Wealthy individuals in the Gulf are more optimistic over the future of the region and the global economy compared with last year, and are increasing likely to invest in their own countries and other emerging markets in Asia than in western economies. These are among the main findings of an annual survey by Dubai-based Emirates Investment Bank (EIB), released on Tuesday, of the sentiment among high net worth individuals (HNWIs) in the region.
After two years of falling confidence, some 60 percent of regional HNWIs now believe things will improve or stay the same. Fewer are pessimistic about both regional and global economic prospects than last year, while nearly 80 percent of respondents said they would prefer to invest in Gulf assets, rather than looking abroad.
The recovering oil price was a big reason for the increasing feel-good factor in the Gulf, according to Khalid Sifri, EIB’s chief executive officer, who added: “Factors like the region’s stability, attractive investment opportunities and low-tax environment are seen as the main drivers behind the growing confidence in the region’s economy.”
After falling below $30 per barrel in early 2016, oil has subsequently recovered to a three-and-a-half-year high, breaching the $75 a barrel mark yesterday for the first time since November 2014.
However, the overall optimism of the survey masks some concerns among regional HNWIs; in Saudi Arabia, 48 percent of respondents said that they saw the regional economic situation improving or staying the same, against 52 percent who felt it was likely to worsen in 2018.The survey was conducted last November and December, when investor sentiment in the Kingdom was affected by the high-profile anti-corruption campaign undertaken against some prominent business people accused of financial wrong-doing. “It may have been affected by that. We shall see what the situation is at the end of this year,” Sifri said.
Respondents from Kuwait were even more pessimistic. None of the respondents from the country felt that things were going to improve on the investment front this year, while 54 percent said they would worsen. Among the most optimistic were respondents in the UAE, with 57 percent of those surveyed saying they thought the overall outlook was improving. On the long-term global outlook, a total of 78 percent of those surveyed across the region were optimistic about prospects over the next five years, with most citing positive economic and political stability as the reason, along with a smaller number who said oil price stabilization would benefit the world economy. The oil price recovery was the biggest reason for regional optimism.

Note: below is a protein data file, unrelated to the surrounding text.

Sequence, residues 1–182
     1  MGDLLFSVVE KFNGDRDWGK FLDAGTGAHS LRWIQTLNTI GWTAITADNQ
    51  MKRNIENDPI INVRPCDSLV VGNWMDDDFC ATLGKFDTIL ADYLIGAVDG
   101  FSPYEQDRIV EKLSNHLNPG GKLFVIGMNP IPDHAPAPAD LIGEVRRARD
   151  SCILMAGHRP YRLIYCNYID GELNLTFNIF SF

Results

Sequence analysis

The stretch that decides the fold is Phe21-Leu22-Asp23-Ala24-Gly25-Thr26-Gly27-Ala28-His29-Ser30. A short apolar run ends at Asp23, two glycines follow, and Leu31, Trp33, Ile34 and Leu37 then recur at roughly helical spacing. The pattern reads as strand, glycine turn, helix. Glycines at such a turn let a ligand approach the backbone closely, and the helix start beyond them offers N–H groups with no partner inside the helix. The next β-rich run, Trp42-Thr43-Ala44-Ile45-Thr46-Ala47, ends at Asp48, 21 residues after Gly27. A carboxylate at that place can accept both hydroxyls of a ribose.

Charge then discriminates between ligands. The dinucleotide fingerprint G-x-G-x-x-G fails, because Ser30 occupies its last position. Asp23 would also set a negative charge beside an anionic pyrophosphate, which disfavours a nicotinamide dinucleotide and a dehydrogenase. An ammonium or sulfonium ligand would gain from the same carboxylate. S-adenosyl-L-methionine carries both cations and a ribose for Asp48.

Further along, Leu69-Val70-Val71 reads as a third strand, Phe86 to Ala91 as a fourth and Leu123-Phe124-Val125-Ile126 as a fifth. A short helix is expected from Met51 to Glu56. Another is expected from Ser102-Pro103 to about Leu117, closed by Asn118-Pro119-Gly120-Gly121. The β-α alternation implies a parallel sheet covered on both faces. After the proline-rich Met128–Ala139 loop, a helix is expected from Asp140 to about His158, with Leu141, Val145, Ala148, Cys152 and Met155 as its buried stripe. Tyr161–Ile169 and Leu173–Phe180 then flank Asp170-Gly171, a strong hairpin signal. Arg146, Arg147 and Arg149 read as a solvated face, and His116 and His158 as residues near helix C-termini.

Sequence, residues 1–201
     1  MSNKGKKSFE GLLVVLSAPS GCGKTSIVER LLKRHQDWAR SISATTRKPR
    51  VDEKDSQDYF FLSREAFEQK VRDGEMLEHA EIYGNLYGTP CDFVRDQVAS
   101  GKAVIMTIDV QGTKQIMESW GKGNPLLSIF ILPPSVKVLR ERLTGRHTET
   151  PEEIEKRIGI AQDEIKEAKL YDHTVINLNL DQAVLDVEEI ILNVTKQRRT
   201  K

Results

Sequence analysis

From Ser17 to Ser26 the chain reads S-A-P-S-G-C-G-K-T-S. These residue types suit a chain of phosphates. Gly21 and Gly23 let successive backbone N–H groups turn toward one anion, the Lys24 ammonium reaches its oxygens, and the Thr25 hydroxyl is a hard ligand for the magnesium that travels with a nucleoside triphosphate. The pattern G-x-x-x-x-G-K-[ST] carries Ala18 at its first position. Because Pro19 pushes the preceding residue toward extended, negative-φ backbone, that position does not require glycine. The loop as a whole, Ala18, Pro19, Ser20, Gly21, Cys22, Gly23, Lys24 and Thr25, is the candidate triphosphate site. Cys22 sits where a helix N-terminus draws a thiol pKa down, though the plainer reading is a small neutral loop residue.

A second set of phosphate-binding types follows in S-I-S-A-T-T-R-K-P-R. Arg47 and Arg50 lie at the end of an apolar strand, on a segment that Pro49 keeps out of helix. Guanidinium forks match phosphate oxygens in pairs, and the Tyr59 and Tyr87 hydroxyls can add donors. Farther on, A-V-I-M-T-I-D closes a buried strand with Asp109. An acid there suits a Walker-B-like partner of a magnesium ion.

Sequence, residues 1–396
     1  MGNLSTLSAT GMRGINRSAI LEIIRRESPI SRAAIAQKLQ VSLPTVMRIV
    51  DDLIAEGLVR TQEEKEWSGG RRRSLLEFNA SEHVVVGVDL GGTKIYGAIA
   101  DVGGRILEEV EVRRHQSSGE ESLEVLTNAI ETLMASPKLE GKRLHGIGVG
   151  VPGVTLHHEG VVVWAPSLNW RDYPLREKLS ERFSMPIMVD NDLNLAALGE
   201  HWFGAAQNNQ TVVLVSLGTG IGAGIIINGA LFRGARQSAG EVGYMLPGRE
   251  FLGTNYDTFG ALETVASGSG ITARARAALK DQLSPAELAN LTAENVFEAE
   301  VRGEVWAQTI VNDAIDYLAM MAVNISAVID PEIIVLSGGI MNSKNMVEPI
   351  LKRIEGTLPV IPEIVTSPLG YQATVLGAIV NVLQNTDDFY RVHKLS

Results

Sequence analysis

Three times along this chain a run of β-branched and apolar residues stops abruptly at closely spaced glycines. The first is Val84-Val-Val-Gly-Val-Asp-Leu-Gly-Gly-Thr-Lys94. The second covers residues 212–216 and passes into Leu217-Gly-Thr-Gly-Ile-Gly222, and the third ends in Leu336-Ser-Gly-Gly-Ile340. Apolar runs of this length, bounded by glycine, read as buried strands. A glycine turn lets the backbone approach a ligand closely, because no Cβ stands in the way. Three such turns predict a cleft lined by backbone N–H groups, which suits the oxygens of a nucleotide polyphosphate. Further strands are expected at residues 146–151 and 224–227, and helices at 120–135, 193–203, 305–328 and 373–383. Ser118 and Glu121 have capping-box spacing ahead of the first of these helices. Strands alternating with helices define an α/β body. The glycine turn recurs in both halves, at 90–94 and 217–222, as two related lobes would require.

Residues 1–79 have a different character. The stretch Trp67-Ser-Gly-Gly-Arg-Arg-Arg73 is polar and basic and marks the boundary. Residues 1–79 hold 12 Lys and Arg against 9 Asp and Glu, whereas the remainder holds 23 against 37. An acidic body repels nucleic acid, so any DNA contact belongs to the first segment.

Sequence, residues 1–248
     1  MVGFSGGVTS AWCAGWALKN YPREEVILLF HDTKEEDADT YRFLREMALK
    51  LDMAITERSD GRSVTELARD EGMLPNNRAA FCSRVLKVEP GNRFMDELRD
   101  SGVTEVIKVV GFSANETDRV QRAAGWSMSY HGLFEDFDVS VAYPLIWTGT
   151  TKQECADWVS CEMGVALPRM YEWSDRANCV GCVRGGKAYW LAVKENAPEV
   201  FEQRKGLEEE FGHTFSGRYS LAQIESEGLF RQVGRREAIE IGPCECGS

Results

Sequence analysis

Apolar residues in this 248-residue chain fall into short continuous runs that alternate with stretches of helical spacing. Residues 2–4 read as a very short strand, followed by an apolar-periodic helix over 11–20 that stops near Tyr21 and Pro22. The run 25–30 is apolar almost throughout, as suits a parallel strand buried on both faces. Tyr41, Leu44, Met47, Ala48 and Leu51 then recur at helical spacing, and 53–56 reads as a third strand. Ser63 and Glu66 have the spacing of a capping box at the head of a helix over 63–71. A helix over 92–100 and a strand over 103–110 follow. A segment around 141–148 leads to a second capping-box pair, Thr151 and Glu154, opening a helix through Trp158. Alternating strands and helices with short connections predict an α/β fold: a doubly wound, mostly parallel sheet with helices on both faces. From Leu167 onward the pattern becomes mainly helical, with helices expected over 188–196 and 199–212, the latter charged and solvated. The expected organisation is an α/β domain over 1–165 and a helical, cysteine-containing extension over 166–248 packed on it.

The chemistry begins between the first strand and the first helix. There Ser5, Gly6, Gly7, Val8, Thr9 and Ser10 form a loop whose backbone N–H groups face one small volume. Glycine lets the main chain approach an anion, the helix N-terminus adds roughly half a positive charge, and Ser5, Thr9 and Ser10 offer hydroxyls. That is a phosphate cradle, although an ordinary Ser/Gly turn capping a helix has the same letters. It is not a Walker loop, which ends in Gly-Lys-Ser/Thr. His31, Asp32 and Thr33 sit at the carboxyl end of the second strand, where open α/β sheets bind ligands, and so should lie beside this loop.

The geopolitics of the region was claimed as a big factor in deciding investment decisions, but Saudis were less concerned than others. Only 29 percent in the Kingdom said they were influenced by geo-political events, compared with 83 percent in Qatar and 85 percent in the UAE.
Oil prices, economic reforms and the introduction of VAT were also factors influencing investment, as was the election of Donald Trump as president of the USA. There has been a big shift in global investor orientation outside the GCC. Nearly half of regional wealthy investors (47 percent) are now looking to Asia, 38 percent to the wider Middle East and North Africa, some 34 percent to Europe and only 17 percent to North America. The survey was conducted among 100 HNWIs with $2 million or more in investable assets.